Pregnant women die rather than face prejudice over HIV

2014-10-09 16:28

Hundreds of pregnant South African women and girls are dying unnecessarily every year because they are not accessing antenatal care in the early stages of their pregnancies, a new study has revealed.

The Amnesty International study found that the delay is a result of fear of being tested for HIV without informed consent and the possibility of their status being disclosed by healthcare workers due to lack of privacy in some clinics. The research also found that access to transport, especially in rural areas, was another factor.

Releasing the report titled The Struggle for Maternal Health: Barriers to Antenatal Care in SA in Johannesburg today, Amnesty International secretary general Salil Shetty said while these issues were not new in South Africa the organisation “had to bring it to the attention of the department of health because it is a serious human rights violation that continues to happen despite many raising it”.

He said: “It is unacceptable that women are dying unnecessarily because they fear they would be forced to test for HIV and their status will be disclosed because of privacy and confidentiality breaches in healthcare centres.”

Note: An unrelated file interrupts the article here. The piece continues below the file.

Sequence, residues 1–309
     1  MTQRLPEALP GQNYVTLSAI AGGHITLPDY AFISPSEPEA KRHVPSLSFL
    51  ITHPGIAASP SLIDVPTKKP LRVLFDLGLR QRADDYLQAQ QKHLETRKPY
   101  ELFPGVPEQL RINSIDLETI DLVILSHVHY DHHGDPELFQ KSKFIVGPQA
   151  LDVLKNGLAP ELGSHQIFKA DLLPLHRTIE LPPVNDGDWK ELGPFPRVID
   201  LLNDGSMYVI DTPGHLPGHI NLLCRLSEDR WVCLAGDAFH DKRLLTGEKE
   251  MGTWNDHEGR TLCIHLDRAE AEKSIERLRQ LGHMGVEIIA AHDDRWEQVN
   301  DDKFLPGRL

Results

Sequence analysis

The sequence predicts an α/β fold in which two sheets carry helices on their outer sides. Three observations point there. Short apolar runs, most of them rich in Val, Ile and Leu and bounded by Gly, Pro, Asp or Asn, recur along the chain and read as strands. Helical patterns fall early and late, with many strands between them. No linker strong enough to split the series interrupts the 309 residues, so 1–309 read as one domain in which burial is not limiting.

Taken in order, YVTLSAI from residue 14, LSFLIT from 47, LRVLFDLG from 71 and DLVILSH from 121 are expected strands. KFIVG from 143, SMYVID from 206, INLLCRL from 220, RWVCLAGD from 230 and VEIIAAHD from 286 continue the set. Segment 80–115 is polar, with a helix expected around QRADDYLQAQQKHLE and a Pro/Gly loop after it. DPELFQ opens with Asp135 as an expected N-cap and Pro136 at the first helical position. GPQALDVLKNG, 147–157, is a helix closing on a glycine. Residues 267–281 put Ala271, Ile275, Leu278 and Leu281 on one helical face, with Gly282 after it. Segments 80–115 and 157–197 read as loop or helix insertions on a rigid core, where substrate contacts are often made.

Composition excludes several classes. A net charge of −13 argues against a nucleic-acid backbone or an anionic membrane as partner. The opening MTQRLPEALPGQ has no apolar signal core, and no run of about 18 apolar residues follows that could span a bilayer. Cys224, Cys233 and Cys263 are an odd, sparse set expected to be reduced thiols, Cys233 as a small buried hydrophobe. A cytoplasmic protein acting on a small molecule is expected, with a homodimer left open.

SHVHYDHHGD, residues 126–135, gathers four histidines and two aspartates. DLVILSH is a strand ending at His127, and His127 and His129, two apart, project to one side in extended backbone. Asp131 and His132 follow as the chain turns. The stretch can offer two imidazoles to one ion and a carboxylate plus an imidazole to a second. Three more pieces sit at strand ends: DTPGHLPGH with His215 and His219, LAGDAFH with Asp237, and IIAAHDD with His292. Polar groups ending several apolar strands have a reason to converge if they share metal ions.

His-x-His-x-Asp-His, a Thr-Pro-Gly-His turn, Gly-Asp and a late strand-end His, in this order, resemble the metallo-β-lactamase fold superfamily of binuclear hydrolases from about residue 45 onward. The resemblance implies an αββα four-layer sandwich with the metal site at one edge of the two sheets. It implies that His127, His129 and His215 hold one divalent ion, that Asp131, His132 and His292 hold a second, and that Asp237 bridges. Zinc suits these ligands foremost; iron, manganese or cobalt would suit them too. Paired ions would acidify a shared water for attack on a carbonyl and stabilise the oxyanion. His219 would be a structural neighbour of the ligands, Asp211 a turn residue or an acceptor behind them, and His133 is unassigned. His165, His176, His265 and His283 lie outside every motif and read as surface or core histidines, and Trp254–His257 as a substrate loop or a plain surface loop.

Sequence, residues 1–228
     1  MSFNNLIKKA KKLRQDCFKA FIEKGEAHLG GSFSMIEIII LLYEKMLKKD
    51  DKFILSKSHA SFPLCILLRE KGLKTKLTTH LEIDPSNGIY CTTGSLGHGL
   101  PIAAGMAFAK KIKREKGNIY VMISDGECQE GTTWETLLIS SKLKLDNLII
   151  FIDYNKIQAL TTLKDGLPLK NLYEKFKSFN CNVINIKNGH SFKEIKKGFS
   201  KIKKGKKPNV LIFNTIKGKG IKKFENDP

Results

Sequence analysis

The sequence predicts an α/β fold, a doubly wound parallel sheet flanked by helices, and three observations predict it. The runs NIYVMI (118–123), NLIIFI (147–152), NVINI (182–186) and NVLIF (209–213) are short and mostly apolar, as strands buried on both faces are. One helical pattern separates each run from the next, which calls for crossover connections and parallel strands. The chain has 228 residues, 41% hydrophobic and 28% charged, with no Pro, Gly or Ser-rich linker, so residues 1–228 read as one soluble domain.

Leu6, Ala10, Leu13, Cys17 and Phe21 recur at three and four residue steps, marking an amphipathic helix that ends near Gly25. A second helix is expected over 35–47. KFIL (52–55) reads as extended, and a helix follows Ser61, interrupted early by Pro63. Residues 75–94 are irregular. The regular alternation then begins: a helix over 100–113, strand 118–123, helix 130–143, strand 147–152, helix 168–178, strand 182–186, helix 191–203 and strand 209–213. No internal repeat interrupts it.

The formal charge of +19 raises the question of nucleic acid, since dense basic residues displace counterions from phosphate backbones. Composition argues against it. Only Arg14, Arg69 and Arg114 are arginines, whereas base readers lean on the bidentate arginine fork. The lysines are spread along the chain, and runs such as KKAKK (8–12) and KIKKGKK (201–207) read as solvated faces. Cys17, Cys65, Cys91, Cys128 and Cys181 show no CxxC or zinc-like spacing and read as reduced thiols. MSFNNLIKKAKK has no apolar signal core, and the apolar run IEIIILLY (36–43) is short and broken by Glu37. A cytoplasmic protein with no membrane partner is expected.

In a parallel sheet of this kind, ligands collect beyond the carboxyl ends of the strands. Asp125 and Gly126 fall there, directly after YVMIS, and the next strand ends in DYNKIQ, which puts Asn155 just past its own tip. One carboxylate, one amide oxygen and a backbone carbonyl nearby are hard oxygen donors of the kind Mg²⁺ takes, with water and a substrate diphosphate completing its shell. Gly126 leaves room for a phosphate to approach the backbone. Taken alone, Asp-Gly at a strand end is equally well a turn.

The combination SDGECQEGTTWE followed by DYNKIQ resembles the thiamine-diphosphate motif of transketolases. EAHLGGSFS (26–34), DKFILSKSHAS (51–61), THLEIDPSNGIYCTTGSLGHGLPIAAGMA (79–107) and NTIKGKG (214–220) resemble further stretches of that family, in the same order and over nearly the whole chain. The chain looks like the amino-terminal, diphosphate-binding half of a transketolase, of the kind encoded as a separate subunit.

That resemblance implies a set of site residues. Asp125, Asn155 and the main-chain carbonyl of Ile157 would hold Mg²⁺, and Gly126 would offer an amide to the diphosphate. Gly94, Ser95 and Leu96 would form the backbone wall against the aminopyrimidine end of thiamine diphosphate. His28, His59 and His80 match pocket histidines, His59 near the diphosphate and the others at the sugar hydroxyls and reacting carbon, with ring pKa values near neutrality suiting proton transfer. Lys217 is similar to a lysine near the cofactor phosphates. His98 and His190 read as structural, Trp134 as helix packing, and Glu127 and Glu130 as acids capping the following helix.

“While HIV testing is an important public health intervention it must be done in a manner that respects the rights of women and girls. It is deeply worrying that privacy of pregnant women and girls is not respected in health facilities. South Africa’s government must take urgent steps to correct this,” said Shetty.

Researcher Louise Carmody shared the same sentiments, saying the government had the obligation to ensure that pregnant women were educated about informed consent, their right to privacy and that information relating to their HIV status was kept confidential.

Carmody mentioned some shocking cases that Amnesty International came across while conducting research in clinics in KwaZulu-Natal and Mpumalanga. HIV-positive patients were given different files to other patients – this was known to the general public – and HIV-positive women were told to come for antenatal care on certain days.

She said: “This infringed on their human rights because if people know that a file in a certain colour is for HIV-positive people they would immediately know the status of the person.”

Amnesty International has handed over the report to the national department of health and it should be meeting with the officials soon to discuss the report’s findings and recommendations.

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